Subjective sleep problems in Huntington's disease: A pilot investigation of the relationship to brain structure, neurocognitive, and neuropsychiatric function
Rochel B, Domínguez D J F, Stout J, Gabery S, Churchyard A, Chua P, Egan G, Petersén A, Georgiou-Karistianis N and Poudel G R.
Journal of the Neurological Sciences 364: 148-153 (2016)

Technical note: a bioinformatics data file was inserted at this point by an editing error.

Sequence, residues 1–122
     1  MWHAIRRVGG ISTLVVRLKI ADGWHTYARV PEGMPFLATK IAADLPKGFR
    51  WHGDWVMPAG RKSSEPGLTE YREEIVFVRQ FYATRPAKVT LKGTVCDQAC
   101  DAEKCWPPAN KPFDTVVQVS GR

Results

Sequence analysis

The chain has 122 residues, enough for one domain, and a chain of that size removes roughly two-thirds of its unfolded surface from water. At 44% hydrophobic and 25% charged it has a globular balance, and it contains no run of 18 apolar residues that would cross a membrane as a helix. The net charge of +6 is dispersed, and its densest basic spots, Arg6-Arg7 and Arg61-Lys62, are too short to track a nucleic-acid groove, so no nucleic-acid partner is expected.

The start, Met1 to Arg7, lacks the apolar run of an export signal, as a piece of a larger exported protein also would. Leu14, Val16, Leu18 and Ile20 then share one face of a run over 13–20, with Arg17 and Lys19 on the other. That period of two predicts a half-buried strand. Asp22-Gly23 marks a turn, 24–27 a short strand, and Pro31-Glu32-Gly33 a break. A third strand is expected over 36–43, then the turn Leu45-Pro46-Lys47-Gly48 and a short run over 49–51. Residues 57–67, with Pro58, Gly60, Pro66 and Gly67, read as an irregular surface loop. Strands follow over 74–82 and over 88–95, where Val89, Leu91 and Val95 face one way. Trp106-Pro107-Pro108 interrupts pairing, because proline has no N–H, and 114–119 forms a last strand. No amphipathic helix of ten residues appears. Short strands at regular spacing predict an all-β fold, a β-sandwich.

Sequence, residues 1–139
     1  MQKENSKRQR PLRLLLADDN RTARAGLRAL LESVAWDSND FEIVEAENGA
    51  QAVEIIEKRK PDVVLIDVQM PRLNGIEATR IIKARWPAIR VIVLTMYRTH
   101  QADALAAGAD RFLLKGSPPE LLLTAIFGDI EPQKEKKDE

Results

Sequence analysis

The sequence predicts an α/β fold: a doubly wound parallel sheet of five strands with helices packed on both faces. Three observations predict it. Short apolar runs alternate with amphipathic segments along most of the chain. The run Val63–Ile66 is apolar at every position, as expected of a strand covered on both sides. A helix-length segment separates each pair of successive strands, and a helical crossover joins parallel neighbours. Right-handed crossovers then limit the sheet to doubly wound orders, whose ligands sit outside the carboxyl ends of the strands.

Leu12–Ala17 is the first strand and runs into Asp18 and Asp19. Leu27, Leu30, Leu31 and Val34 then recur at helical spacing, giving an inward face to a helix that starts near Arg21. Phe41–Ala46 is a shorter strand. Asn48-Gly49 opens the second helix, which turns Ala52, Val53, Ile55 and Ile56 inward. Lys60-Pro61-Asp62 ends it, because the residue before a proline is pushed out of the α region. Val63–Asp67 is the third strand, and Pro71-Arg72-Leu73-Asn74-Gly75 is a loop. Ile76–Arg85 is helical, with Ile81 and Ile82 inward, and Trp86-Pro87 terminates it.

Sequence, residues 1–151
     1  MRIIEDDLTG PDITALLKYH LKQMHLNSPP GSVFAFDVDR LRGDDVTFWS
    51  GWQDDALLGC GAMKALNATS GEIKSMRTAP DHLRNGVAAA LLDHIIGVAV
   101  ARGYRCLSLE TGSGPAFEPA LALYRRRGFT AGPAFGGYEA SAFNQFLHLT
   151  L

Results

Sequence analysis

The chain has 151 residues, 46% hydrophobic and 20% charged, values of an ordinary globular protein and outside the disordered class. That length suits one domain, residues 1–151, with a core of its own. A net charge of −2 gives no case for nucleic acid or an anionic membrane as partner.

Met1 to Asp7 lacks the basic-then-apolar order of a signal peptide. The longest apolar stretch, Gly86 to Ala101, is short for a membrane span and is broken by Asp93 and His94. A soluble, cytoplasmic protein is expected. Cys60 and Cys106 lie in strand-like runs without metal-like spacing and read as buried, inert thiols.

Subjective reports of sleep disturbance are a common feature of Huntington's disease (HD); however, there is limited research investigating the relationship between sleep with changes in brain and behaviour. This study aimed to investigate whether subjective reports of sleep problems in HD are associated with brain volume, neurocognitive decline, and neuropsychiatric symptoms. This retrospective pilot study used brain volume, neurocognitive and neuropsychiatric data from premanifest (pre-HD) and symptomatic HD (symp-HD). Subjective sleep problem was measured using the sleep item of the Beck's Depression Inventory-II (BDI-II). Pre-HD individuals reporting sleep problems had significantly poorer neuropsychiatric outcomes compared to those not reporting sleep problems. In the symp-HD group, those with sleep problems had significantly accelerated thalamic degeneration and poorer neuropsychiatric outcomes compared to those without sleep problems. There was no relationship between subjective sleep problems and neurocognitive measures. These findings suggest an association between subjective sleep disturbance, neuropathology, and development of neuropsychiatric symptoms in HD. Further studies using quantitative EEG-based monitoring of sleep in HD and changes in the brain and behaviour will be necessary to establish the causal nature of this relationship.